Japan-Korea Relations

Michael YOO
Research Fellow, RIETI

The greatest concern of Korean citizens during President Roh Moo-Hyun's 4-day visit to Japan was the meeting with the Emperor, which took place on the first day of the trip. This meeting was held on June 6th, Korea's Memorial Day to mourn the Korean soldiers who had sacrificed their lives for their country. "Why would our president meet the Japanese emperor on such a day?" was the powerful consensus in Korea. Even after the meeting was over, "the reference to the past," remained the focal interest of the Media and those generations who had experienced the past invasion. On the other hand, among the younger generations (those in their teens and twenties), the conversation about the World Cup became the center of attention.

The majority of the citizens of Korea are more used to the term "King of Japan" rather than "Emperor", which is used during formal or diplomatic situations, because to those who lived through the invasion, the Imperial Household is the Royal family, the Crown Prince is the King, and last but not least, the Imperial Palace is the Royal residence. For those who were forced under Japanese rule in the past, it is still difficult to accept the deification of the Emperor. While in Japan, the Emperor has become a symbol of peace during special occasions, for those Koreans who were not even permitted to raise their head for over 60 years, he remains a great fear.

Despite the truth of history, time is still widening the gap between the past and the present; President Roh Moo-Hyun, who was born in 1946, one year after the end of World War II, has no experience of the colonial period, and stands at a distance from the bitter experience. In addition, the announcement by the Emperor on his 68th birthday (December 23rd, 2001), wherein he proved his blood relation to the Korean Peninsula, brought the two nations closer. This announcement was given the full treatment in Korea, and at the same time, was accepted by many Koreans, especially among the younger generation. Those who have no bitter experiences of the past invasion feel intimacy with Japan.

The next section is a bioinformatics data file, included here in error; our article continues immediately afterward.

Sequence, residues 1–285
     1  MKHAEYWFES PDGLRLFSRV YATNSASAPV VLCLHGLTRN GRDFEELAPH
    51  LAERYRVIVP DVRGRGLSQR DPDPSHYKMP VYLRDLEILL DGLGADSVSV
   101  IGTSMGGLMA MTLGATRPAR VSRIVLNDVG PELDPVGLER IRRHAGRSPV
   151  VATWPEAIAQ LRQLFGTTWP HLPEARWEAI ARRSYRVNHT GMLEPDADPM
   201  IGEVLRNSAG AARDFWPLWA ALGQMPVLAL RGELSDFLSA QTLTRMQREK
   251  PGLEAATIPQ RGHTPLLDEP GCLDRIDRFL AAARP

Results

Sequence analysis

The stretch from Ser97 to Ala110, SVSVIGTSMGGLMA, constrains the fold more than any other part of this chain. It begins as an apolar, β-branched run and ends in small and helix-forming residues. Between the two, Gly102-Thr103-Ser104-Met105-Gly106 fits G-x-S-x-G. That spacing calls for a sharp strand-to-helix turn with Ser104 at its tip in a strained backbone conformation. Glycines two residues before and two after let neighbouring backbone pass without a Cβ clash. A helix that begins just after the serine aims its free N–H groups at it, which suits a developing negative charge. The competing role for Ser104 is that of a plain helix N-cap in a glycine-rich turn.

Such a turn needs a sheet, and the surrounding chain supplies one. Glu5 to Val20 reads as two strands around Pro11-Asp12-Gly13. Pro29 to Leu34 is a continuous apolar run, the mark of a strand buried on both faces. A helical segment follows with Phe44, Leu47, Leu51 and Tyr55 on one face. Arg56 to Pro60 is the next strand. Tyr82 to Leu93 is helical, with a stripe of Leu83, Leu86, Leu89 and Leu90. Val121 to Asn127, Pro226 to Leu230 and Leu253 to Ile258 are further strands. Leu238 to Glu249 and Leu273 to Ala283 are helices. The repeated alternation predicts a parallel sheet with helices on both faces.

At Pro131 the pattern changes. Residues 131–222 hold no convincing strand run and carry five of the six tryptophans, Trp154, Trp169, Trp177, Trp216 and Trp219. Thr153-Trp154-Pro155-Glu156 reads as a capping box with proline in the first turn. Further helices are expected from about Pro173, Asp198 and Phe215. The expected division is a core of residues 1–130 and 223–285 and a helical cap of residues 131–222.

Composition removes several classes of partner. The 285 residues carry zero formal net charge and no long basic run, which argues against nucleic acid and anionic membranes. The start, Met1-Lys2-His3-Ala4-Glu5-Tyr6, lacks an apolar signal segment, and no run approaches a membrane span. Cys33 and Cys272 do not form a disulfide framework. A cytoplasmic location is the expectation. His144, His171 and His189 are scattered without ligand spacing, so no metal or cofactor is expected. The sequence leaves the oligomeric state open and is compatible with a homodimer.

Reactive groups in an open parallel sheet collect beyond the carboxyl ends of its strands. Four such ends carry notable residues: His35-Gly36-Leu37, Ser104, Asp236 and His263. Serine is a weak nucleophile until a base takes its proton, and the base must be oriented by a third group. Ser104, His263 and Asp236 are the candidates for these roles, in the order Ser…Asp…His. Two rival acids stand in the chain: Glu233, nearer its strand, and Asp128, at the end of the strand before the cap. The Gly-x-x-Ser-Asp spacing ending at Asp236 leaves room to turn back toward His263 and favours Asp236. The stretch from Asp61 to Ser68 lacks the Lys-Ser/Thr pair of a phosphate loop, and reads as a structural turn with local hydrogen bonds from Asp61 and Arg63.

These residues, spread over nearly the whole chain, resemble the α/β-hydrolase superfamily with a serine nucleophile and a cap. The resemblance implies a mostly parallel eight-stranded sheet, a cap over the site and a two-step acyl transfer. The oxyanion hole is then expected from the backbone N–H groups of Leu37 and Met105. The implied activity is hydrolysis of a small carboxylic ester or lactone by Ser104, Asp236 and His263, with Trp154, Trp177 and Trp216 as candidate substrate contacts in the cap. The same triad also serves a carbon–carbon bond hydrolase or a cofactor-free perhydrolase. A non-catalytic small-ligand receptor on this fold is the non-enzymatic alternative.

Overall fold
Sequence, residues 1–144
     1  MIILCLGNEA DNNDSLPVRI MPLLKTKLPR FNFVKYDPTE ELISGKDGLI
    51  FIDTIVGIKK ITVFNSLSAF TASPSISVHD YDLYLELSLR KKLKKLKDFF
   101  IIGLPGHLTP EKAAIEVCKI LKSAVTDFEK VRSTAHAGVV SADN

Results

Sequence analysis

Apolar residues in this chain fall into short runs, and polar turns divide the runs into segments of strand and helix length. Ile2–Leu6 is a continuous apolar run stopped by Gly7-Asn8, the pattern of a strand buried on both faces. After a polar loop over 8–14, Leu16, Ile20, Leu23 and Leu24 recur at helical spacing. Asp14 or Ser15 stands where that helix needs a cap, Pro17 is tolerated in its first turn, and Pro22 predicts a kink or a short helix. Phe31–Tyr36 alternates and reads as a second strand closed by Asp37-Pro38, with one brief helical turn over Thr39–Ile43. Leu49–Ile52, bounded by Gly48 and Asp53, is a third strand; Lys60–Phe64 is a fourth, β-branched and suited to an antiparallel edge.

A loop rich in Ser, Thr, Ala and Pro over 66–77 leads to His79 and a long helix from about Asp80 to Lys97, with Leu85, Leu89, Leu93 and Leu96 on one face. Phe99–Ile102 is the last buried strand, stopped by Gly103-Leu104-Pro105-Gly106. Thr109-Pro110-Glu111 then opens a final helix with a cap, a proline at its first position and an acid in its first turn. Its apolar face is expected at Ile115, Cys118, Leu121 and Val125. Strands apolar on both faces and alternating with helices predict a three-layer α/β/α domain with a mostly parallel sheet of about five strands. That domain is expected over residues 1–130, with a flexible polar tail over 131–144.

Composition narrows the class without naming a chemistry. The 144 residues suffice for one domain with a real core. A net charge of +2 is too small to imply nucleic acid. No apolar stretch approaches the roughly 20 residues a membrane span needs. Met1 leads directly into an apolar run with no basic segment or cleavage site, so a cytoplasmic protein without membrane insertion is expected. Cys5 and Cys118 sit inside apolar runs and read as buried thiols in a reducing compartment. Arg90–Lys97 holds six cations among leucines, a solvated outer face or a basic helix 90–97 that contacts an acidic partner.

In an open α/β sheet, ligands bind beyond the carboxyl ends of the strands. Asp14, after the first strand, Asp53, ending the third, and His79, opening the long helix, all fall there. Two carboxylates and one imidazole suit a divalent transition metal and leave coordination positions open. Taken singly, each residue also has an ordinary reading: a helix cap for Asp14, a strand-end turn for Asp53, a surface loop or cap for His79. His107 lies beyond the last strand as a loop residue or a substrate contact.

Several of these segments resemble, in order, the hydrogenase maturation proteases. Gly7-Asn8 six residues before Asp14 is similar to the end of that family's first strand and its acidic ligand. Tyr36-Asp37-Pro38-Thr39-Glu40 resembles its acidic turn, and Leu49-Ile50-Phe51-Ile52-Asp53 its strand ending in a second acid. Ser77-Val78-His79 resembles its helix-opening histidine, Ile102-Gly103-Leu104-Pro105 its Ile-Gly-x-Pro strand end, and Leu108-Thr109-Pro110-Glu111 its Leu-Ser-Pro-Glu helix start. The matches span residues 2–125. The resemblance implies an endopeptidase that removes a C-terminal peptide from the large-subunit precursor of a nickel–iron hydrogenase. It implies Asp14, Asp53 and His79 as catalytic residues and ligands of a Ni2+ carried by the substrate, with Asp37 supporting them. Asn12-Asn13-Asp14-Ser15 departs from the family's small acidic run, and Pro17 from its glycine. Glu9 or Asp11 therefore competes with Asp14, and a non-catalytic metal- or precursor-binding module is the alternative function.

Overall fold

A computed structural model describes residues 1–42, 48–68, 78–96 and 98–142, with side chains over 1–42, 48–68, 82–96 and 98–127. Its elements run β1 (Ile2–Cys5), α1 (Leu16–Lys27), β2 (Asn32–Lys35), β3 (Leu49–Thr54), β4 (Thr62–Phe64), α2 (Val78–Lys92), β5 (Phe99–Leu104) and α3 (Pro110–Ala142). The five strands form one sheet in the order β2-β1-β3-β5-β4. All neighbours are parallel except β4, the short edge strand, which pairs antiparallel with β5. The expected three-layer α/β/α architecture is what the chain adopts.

"Like many of the Korean citizens, I was very much impressed by the announcement," said President Roh Moo-Hyun to the emperor, only describing the view of post-war, post-imperial rule generations. During the World Cup in 2002, the younger generations even created an atmosphere to welcome the Emperor on his proposed visit to Korea, because in their eyes, Japan appeared as their partner in sponsoring the World Cup, not as their enemy. Even though the Emperor's visit did not happen, the young Korean generations believe that, "against the will of the emperor, pressure from the conservatives interrupted his will to return to the homeland."

For President Roh Moo-Hyun, inviting the Emperor to Korea after former President Kim Dae-Jung has become an historical matter. The Emperor is no longer a person standing in old black and white photos; many Koreans are now accepting Japan as a neighbor, with whom they have a long historical relationship. It is all up to the Japanese government to make the final decision of letting the historical event of, "the Emperor's visit," come true. Just like the 20th anniversary of Sino-Japanese relations in 1992, the Emperor's visit to Korea could become a reality on the 40th anniversary of Japan-Korea relations in 2005, marking the start of a new relationship.

>> Original text in Japanese

* The article was reprinted from The Asahi Shimbun on June 12, 2003. No reproduction or republication without written permission of the author and The Asahi Shimbun.

June 12, 2003 The Asahi Shimbun

June 17, 2003

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